CC BY 4.0 · TH Open 2021; 05(02): e163-e165
DOI: 10.1055/s-0041-1728667
Letter to the Editor

Management of a High-Risk Surgery with Emicizumab and Factor VIII in a Child with a Severe Hemophilia A and Inhibitor

1  Laboratoire d'Hémostase Bioclinique, CHU de Rennes, Bretagne, France
2  Centre Régional de Traitement de l'Hémophilie, CHU de Rennes, Bretagne, France
3  Univ Rennes, CHU Rennes, Inserm, EHESP, Irset (Institut de recherche en santé, environnement et travail) - UMR_S 1085, Rennes, France
,
Anaïs Jaffré
4  Service de Réanimation Pédiatrique, CHU de Rennes, Bretagne, France
,
Adeline Pontis
1  Laboratoire d'Hémostase Bioclinique, CHU de Rennes, Bretagne, France
,
Fabienne Nedelec-Gac
1  Laboratoire d'Hémostase Bioclinique, CHU de Rennes, Bretagne, France
2  Centre Régional de Traitement de l'Hémophilie, CHU de Rennes, Bretagne, France
,
Pierre Guéret
1  Laboratoire d'Hémostase Bioclinique, CHU de Rennes, Bretagne, France
2  Centre Régional de Traitement de l'Hémophilie, CHU de Rennes, Bretagne, France
,
Isabelle Gouin-Thibault
1  Laboratoire d'Hémostase Bioclinique, CHU de Rennes, Bretagne, France
,
Bernard Fraisse
5  Service de Chirurgie Pédiatrique, CHU de Rennes, Bretagne, France
,
Sophie Bayart
2  Centre Régional de Traitement de l'Hémophilie, CHU de Rennes, Bretagne, France
,
Benoit Guillet
2  Centre Régional de Traitement de l'Hémophilie, CHU de Rennes, Bretagne, France
3  Univ Rennes, CHU Rennes, Inserm, EHESP, Irset (Institut de recherche en santé, environnement et travail) - UMR_S 1085, Rennes, France
› Author Affiliations
Funding None.

The recent development of a humanized, bi-specific, and monoclonal antibody mimicking the function of activated factor VIII was a revolution in the management of patients suffering from severe hemophilia A with inhibitors.[1] The phase III randomized studies have shown a more efficient prophylaxis of this subcutaneous administered drug in these patients compared with recombinant FVIIa (rFVIIa) and activated prothrombin complex concentrates (aPCC).[2] [3] Nonetheless, there are “real life” matters that need to be explored in this new era of managing hemophilia patients, such as surgery management under emicizumab, especially in children.[4] [5] [6] Here, we report the first case, to our knowledge, of major orthopedic surgery managed with factor VIII infusions in a child with inhibitor receiving emicizumab.

Our patient is a 9-year-old boy with severe hemophilia A. He presented an inhibitor after the 10th exposed day with a factor VIII (FVIII) concentrate (historic peak: 412 BU/mL). Thereafter, he presented an important intracranial hemorrhage (subdural and intraparenchymal hematomas). The first treatment with rFVIIa (Novoseven, 90 µg/kg/2 h) and tranexamic acid was inefficient. It was therefore switched with aPCC (FEIBA 80 IU/kg/8 h) that was rapidly effective. He also presented some knees and left hip hemarthrosis responsible for arthropathies. Several attempts of immune tolerance induction through Port-a-Cath failed whatever the FVIII concentrate used, recombinant FVIII or plasma-derived FVIII. Because of an insufficient efficacy of rFVIIa for totally stopping some bleeding events, a prophylaxis with aPCC was performed with daily infusion of 80 IU/kg. Given the cumbersome nature of this treatment, emicizumab (Hemlibra) was introduced instead of aPCC in December 2018. Emicizumab was started with 3 mg/kg/week for 4 weeks and then adapted to 1.5 mg/kg/week. The boy had no more bleeding including clinically evident hemarthrosis. However, the left hip arthropathy worsened with aggravation of limping and pain leading to the use of a wheelchair. Hip X-ray showed an osteonecrosis of the left femoral head requiring a femoral varization osteotomy that was planned in June 2020. Because the inhibitor titer was low at 2 BU/mL, rFVIII-Fc (Elocta) was administered to normalize the coagulation during the surgery. A rFVIII-Fc bolus with 6,000 IU (150 IU/kg) was initially administered, followed by a continuous infusion 12 IU/kg/h ([Fig. 1A]). The emicizumab treatment was continued (1.5 mg/kg/week).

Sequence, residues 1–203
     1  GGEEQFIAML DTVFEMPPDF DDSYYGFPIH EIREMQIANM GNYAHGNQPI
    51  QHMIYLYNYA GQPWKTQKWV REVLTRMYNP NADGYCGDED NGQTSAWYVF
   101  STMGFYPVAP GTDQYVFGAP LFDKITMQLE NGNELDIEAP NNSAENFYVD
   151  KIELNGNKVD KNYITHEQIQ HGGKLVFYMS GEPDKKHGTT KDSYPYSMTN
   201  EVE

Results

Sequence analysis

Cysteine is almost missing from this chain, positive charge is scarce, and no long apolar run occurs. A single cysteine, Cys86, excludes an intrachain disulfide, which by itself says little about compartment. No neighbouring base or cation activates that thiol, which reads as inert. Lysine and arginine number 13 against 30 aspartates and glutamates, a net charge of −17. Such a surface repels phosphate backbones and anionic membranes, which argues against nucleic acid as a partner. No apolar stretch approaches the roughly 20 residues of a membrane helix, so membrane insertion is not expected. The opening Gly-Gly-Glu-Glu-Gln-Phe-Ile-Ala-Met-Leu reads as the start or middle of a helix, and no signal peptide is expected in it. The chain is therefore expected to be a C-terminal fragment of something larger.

Zoom Image
Fig. 1 (A) Evolution of FVIII:C and haemoglobin levels. (B) Evolution of thrombin generation assays. Reference values were established in 32 healthy patients.

This complex surgery performed on rFVIII-Fc required a close monitoring with frequent FVIII:C measures to adjust rFVIII-Fc administrations. All FVIII:C levels were measured with a chromogenic method (STA-R Max3 analyzer ; TriniCHROM FVIII:C reagent – Stago) by using bovine coagulation factors X and IXa that do not interfere with emicizumab.[7] [8] [9] In same plasma samples, thrombin generation assays (TGA) were performed by using low concentration of tissue factor (1 pM) as suggested for the TGA in hemophilia A patients.[10] TGA were performed before the surgery without rFVIII-Fc and throughout rFVIII-Fc infusions ([Fig. 1B]).